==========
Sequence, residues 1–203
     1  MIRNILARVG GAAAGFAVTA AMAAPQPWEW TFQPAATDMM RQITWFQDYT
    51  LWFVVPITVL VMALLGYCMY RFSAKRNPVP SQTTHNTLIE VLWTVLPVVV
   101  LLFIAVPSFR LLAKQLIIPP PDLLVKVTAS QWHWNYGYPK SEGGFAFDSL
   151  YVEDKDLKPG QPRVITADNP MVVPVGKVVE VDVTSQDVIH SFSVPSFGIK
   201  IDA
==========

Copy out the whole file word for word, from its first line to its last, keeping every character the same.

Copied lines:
Sequence, residues 1–203
     1  MIRNILARVG GAAAGFAVTA AMAAPQPWEW TFQPAATDMM RQITWFQDYT
    51  LWFVVPITVL VMALLGYCMY RFSAKRNPVP SQTTHNTLIE VLWTVLPVVV
   101  LLFIAVPSFR LLAKQLIIPP PDLLVKVTAS QWHWNYGYPK SEGGFAFDSL
   151  YVEDKDLKPG QPRVITADNP MVVPVGKVVE VDVTSQDVIH SFSVPSFGIK
   201  IDA